WIDDOWS: This isn’t the first test of its kind to, in effect, take agents out of the picture. Look, data is out of the bag; technology is changing every industry. There’s pressure on agents and broker commissions because more tasks are becoming automated and moving online. I don’t see REALTORS® completely out of the game. There will be a percentage of people who are okay with doing a real estate transaction online, but a lot of people still prefer to do it in person. We view this as helping our model at HomeSmart; we operate lean and mean. We rely heavily on technology so we can streamline our fees and charge our agents low fees. So this won’t impact us as much as more traditional real estate companies that have always relied on huge revenue streams from their agents’ commissions.
YANNACCONE: Innovation is the key to success in any business, and our industry is no different. I look at Zillow’s Instant Offers, Opendoor and other products as iterations of other brokerage models we’ve seen before. ERA, for example, has had a guaranteed purchase program for 40-plus years, where we’ll buy the property if it hasn’t sold in a certain amount of time. As brokers, we have to be relevant in today’s business models and understand why they’re evolving. Consumers are looking for more information on properties, and they have a right to have access to all of it. This forces agents to become more crucial to the transaction, which is complex. Consumers need more precise info than what they find online, and we stay relevant by giving it to them.
RISMEDIA: What are the main disruptors to the real estate industry right now, and why?
HITT: I think disruptors are excuses for agents to blame someone else for not doing what they need to do. None of the things we hear about—the internet, MLS, fax machines—were disruptors that put us out of business. I think the bigger chance for real disruption are companies like Google and Facebook that all have behavioral data on consumers. Human nature is that people have a tendency to freak out about things and be skeptical. Over time, though, we either adopt it or it goes away. At Engel & Völkers, our virtual reality initiative [using a VR headset to view homes remotely] is one way we’re disrupting the industry. We’re not the first to do it, but we’re an early adopter. We look at it as an opportunity to provide a full consumer experience in buying and selling.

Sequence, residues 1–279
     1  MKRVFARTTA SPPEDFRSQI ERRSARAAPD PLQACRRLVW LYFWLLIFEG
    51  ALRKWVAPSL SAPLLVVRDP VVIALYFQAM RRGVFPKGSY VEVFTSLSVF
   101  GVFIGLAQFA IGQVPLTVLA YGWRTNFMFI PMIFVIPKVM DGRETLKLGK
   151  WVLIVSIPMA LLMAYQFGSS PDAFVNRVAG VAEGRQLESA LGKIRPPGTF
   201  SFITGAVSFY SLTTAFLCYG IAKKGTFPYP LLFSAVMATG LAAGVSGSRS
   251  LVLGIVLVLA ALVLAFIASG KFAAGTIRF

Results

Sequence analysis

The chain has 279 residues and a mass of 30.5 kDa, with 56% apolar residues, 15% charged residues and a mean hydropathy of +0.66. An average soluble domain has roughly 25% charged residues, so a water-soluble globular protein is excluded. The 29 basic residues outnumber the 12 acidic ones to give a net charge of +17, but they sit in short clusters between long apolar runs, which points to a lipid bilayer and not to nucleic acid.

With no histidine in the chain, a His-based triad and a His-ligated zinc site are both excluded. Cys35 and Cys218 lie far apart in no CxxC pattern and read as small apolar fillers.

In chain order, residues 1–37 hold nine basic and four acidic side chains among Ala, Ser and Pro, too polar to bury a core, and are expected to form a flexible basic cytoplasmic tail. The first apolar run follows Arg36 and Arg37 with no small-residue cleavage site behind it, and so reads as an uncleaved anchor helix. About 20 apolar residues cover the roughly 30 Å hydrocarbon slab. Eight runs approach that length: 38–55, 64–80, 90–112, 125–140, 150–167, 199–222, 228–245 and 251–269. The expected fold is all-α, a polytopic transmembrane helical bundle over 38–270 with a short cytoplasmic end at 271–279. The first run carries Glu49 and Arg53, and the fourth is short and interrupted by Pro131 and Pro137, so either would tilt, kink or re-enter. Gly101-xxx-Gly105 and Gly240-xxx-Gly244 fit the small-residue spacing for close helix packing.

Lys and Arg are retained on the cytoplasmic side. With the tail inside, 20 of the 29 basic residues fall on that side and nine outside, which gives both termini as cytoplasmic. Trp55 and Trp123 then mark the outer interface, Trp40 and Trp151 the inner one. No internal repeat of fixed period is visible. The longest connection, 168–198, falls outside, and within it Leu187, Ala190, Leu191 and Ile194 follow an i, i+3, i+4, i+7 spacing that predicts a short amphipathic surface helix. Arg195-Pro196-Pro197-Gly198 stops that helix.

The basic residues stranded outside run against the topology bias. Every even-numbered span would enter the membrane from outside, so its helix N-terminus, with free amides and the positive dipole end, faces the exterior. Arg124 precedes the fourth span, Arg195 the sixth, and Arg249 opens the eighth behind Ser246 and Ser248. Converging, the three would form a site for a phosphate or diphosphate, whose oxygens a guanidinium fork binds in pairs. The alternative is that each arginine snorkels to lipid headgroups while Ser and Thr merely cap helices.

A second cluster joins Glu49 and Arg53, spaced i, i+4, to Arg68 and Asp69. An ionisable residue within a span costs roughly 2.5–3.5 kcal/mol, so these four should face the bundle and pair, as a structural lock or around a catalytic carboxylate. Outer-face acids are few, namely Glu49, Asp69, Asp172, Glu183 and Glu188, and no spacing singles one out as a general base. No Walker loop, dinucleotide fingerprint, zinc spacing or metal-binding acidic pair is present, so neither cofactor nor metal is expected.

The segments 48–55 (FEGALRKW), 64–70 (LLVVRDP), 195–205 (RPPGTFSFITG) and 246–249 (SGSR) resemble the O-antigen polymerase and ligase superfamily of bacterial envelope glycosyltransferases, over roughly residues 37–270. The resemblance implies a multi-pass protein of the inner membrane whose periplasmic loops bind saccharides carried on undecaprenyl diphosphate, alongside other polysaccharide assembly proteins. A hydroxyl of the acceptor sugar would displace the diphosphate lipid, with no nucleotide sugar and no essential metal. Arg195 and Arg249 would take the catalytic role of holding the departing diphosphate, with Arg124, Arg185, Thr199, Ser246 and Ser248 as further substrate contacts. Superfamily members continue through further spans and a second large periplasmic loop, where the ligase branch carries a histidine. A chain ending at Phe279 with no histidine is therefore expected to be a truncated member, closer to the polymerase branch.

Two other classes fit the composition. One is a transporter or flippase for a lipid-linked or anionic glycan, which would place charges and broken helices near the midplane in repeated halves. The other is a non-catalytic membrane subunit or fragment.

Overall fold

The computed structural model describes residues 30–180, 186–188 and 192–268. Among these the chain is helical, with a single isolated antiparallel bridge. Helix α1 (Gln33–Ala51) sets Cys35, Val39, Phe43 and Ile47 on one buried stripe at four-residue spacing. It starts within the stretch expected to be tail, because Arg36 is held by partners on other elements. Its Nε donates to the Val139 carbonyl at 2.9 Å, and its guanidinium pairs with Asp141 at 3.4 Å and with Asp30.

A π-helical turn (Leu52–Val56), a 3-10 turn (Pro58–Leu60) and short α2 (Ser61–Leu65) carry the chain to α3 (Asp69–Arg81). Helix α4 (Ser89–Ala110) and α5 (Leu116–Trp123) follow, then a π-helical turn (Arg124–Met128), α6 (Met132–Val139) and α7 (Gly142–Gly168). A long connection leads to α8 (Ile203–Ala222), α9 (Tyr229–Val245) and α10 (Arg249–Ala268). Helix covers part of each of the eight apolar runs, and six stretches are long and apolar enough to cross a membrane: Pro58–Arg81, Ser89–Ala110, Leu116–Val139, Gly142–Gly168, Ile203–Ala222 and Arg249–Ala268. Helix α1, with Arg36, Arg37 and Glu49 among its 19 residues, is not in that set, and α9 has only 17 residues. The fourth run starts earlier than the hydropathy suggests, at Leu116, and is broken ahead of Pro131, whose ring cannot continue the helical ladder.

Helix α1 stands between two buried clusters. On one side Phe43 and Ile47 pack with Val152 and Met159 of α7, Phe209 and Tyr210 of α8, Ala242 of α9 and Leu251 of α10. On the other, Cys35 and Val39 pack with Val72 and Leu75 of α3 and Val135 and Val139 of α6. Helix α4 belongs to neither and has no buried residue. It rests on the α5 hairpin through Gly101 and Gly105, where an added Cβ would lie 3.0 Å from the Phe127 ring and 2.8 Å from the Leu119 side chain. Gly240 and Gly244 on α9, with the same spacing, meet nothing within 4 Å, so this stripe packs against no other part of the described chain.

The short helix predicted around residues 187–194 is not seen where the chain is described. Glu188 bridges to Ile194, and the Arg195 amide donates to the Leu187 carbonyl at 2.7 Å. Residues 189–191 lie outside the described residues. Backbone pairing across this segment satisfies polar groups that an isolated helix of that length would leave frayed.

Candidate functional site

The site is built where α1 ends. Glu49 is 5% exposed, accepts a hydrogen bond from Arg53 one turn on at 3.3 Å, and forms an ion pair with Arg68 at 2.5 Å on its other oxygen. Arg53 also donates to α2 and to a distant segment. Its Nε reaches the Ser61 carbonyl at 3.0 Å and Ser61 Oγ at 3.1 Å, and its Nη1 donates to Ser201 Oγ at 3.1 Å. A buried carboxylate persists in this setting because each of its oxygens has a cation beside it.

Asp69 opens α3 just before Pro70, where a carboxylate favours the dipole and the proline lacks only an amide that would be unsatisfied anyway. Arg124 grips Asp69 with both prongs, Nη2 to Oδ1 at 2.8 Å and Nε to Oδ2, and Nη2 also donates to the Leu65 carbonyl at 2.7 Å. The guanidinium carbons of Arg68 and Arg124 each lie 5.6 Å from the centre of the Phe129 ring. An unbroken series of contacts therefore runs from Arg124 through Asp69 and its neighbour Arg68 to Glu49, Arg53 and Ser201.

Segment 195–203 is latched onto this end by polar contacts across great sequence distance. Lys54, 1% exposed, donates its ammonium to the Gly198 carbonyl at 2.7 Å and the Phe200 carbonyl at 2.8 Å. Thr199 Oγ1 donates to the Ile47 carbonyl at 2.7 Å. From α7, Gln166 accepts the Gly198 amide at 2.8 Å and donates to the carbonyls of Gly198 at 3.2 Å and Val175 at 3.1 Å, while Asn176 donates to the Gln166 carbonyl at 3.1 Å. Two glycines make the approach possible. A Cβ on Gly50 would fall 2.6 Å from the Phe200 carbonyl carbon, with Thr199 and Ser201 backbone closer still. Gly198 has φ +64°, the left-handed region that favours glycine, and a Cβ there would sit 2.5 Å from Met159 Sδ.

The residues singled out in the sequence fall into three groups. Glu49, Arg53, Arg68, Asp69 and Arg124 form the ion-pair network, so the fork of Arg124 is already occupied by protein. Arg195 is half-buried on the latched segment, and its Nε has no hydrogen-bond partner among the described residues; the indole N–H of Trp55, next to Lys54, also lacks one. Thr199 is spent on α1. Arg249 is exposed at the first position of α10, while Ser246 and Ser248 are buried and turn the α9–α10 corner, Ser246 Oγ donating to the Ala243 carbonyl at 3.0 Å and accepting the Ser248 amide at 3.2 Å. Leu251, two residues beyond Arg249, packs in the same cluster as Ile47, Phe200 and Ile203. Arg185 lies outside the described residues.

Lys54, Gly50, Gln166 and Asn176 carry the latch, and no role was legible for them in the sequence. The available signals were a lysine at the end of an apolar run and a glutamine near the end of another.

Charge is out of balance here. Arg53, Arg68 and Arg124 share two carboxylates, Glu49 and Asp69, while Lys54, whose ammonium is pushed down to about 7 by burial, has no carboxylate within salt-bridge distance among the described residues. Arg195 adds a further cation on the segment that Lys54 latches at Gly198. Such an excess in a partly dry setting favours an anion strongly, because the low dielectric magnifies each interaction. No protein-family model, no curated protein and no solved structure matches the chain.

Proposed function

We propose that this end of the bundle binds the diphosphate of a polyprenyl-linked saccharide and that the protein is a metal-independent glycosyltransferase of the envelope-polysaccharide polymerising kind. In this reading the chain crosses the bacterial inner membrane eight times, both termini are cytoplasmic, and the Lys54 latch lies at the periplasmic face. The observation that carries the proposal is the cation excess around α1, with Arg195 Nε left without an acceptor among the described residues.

PAVLOVIC: Applications utilizing artificial intelligence to improve the real estate experience have the largest potential to disrupt the industry. The majority of AI vendors in real estate today are focusing on lead capture due to the industry’s poor response time to online leads; however, more are beginning to implement the technology into other, more impactful verticals such as search, home improvement and the transaction. The main challenge with building AI technologies in real estate is that these applications require a great deal of data in order to provide value and to become smarter/more efficient through machine learning. This can be challenging due to the complexity of accessing data in the real estate industry and the amount of regulatory restrictions surrounding real estate data.
That’s why implementation of AI into the real estate ecosystem has been slower than in other industries.
PEARSON: Google and Amazon are disruptors because they have data and distribution, and a pure relationship with the consumer already. It’s not a new challenge, but it heightens [pressure] on the role and relationship with organized real estate. Agents should be prepared for a reduction in pay. They are the ones who are over-compensated in today’s market, and they’ll be the first to adjust.
RAND: Discount brokerages have always been there. Direct-selling companies are another. And FSBO (For Sale By Owner) programs are emerging for a small fee to put sellers’ homes on the MLS. All of these models seek to connect buyers and sellers directly and cut out the middleman, the real estate agent. But in some of these models, there’s no clearinghouse and no one advising or representing the buyer’s interest. That’s the disruptive future, and it’s not better than what we have now. I think the consumer experience will suffer.